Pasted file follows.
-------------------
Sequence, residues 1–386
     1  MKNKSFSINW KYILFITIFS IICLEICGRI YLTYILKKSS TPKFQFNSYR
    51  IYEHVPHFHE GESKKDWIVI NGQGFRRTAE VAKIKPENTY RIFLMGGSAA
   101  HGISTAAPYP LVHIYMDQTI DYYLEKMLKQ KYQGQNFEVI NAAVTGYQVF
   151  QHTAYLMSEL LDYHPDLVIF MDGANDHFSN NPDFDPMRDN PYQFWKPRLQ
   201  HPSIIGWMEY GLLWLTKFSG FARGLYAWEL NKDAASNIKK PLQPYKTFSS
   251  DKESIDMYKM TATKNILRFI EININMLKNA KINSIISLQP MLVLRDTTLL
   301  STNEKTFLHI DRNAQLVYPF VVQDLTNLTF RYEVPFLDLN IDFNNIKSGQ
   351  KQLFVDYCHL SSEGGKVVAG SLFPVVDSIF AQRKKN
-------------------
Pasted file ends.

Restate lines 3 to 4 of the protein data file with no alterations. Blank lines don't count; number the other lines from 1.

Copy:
    51  IYEHVPHFHE GESKKDWIVI NGQGFRRTAE VAKIKPENTY RIFLMGGSAA
   101  HGISTAAPYP LVHIYMDQTI DYYLEKMLKQ KYQGQNFEVI NAAVTGYQVF